Domestic Violence charges in Washington State involve two or more people, whose relationships under the statute are defined at RCW 26.50.010. The details vary from case to case, but they usually involve accusations of destruction of shared property, physical assault, or a harassment of some kind either in person or through electronic means.
DV charges usually come with strict conditions at the beginning of the case that include no contact orders. A violation of a no contact order is itself an additional potential criminal charge. Because of these common conditions, the accused often has to secure a new residence away from the protected party either temporarily or for a much longer period. Further, at the resolution of a DV case a Domestic Violence evaluation is often ordered which will recommend very costly and extensive treatment.
Although relationships exist that involve an abusive dynamic, domestic violence charges in Washington State can often stem from a nosey neighbor who hears a couple having an argument or they may be reported by a party claiming to be a victim who is in reality not being truthful. Conversely, it is not unusual for an alleged victim to regret involving the authorities later on wishing that there be no further prosecution. The bad news in both situations is that when the cops show up, they usually want to determine a primary aggressor and start a report to hand to a prosecutor. And if the prosecutor thinks they have a case where conviction is possible, it is likely they will move forward regardless of the desires of the parties involved.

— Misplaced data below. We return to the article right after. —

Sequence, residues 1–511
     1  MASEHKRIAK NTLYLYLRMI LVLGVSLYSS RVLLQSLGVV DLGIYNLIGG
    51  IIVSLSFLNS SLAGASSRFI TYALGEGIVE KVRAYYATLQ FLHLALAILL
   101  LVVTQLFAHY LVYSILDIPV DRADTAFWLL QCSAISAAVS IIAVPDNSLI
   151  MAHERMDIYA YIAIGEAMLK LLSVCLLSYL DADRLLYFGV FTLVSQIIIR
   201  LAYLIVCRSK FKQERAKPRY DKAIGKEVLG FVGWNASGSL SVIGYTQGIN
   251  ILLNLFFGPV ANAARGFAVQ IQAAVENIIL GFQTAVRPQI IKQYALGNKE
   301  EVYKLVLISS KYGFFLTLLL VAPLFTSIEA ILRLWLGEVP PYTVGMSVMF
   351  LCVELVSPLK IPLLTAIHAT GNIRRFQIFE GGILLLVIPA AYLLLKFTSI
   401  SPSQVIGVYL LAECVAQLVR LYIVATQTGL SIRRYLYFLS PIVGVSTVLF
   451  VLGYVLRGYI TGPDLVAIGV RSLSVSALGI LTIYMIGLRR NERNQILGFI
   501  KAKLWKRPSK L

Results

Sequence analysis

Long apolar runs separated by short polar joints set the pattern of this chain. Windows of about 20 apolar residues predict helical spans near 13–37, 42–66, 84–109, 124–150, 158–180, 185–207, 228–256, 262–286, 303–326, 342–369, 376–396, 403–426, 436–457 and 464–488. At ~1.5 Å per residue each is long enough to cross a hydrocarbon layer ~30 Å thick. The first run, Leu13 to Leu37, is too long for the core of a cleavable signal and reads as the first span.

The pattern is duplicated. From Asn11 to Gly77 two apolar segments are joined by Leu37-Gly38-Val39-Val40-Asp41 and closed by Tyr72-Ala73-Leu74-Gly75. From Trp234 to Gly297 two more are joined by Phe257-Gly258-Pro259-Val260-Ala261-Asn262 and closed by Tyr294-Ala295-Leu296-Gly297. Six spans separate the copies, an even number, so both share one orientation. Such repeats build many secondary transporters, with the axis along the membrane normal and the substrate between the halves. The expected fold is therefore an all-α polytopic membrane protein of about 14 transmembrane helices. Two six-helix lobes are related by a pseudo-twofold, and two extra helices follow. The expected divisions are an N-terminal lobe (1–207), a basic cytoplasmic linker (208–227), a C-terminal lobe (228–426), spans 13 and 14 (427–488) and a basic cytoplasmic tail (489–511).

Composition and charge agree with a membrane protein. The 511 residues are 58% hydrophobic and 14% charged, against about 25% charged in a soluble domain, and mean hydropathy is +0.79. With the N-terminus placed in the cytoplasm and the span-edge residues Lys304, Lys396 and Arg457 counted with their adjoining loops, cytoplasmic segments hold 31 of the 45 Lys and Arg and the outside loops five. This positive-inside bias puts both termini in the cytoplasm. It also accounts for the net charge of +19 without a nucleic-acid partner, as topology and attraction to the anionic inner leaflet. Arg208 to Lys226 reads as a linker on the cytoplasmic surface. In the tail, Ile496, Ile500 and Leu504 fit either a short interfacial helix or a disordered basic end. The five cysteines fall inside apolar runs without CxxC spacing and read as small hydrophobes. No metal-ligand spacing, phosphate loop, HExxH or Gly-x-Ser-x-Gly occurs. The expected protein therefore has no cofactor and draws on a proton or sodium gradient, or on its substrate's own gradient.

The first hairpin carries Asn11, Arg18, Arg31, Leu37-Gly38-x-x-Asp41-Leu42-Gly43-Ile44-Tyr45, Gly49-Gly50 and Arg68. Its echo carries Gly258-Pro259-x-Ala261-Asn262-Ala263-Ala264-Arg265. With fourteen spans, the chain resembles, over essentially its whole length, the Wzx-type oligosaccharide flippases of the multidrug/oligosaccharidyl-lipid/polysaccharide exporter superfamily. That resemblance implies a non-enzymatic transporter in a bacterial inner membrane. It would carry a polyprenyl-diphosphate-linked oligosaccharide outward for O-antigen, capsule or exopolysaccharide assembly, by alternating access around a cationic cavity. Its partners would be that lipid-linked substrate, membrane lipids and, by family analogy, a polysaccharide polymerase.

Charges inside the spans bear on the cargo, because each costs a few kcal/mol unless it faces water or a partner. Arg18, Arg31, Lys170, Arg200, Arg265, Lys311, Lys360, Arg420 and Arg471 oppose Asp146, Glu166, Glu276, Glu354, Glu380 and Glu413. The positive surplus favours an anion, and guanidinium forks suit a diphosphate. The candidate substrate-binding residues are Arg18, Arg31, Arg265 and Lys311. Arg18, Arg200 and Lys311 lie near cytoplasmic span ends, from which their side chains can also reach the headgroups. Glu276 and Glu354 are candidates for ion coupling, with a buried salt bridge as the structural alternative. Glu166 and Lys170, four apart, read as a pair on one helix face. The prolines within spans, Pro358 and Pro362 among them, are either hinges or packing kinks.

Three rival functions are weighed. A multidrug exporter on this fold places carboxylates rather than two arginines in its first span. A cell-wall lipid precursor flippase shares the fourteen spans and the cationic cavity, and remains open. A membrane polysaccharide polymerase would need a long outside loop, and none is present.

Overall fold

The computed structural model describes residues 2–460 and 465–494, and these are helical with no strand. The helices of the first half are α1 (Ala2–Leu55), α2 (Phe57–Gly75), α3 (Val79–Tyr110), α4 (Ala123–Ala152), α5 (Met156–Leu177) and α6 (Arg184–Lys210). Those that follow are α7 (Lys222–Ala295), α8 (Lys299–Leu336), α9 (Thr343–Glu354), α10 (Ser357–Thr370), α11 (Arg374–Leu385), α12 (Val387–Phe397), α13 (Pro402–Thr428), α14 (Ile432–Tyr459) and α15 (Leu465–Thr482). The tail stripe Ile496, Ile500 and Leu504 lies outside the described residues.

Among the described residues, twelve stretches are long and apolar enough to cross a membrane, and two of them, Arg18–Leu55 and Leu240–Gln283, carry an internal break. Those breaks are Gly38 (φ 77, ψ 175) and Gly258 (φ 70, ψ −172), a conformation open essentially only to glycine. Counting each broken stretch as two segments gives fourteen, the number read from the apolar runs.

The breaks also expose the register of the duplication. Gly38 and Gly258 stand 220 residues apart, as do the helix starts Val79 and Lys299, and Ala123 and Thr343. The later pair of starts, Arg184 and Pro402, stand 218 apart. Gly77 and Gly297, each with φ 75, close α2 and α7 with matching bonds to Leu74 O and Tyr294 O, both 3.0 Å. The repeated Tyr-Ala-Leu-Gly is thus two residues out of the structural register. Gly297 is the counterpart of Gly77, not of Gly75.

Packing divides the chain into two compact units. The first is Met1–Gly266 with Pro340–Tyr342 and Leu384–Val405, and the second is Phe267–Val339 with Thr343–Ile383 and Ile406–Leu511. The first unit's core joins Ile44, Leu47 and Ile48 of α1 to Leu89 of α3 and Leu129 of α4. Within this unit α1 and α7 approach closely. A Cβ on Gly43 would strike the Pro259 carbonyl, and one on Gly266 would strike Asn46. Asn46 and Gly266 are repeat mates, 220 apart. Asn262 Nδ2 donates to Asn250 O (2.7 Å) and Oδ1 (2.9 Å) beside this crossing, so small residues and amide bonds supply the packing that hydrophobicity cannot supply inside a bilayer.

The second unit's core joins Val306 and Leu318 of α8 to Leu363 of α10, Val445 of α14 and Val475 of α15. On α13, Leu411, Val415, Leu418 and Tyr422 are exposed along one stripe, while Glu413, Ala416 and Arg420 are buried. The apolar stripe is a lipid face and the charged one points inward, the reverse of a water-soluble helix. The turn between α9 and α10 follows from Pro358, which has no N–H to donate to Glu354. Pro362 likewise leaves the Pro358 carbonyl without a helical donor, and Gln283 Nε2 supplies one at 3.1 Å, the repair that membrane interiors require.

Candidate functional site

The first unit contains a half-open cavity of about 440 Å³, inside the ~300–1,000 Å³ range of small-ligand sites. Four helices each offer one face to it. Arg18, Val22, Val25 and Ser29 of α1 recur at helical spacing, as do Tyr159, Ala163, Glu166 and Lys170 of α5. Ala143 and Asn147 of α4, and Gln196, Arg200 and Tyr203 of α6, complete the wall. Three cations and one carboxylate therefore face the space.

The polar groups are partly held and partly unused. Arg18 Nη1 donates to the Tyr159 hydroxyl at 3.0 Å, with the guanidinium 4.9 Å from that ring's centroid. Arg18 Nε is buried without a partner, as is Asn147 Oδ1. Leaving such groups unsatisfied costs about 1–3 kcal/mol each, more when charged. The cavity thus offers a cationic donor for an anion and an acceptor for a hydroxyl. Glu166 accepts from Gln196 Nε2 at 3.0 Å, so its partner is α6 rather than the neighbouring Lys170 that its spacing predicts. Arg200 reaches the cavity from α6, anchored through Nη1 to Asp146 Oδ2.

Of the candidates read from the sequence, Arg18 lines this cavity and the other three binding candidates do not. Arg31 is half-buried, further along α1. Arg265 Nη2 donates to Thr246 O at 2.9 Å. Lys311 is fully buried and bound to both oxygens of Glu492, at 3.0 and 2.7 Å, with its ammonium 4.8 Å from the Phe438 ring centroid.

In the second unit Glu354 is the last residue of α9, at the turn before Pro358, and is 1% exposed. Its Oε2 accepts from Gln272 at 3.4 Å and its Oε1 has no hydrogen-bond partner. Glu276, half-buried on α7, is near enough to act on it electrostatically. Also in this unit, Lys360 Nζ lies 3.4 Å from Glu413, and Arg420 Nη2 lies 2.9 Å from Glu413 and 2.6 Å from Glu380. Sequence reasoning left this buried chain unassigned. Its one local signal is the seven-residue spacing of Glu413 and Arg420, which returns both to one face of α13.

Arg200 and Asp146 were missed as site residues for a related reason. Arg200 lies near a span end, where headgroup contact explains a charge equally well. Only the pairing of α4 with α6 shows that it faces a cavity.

Many defendants become frustrated claiming that there is no evidence when the only witnesses are the alleged victim and the defendant. Even if there are no visible marks on an alleged victim and it truly is a proverbial “he said, she said” type of a case, the prosecution usually will file the charge due to the alleged victim’s initial testimony.
Prosecutors cannot try every domestic violence case that comes across their desk. Naturally, they have to prioritize. Things like severity of the accusations, coupled with similar or general criminal history will place each case in a unique position. For example, a case with a couple arguing and a damaged, shared house door will have a better chance at dismissal than a repeat offender who inflicts bodily harm on a victim.
A Domestic Violence conviction can strip you of your firearm rights, blemish an otherwise clear criminal record, and cost lots of time and money in fines and treatment. If you’ve been charged or believe you will be for any type of Domestic Violence crime, you need to contact an attorney immediately. The prosecution will be building a case from the beginning. You should as well.
Featured photo from here.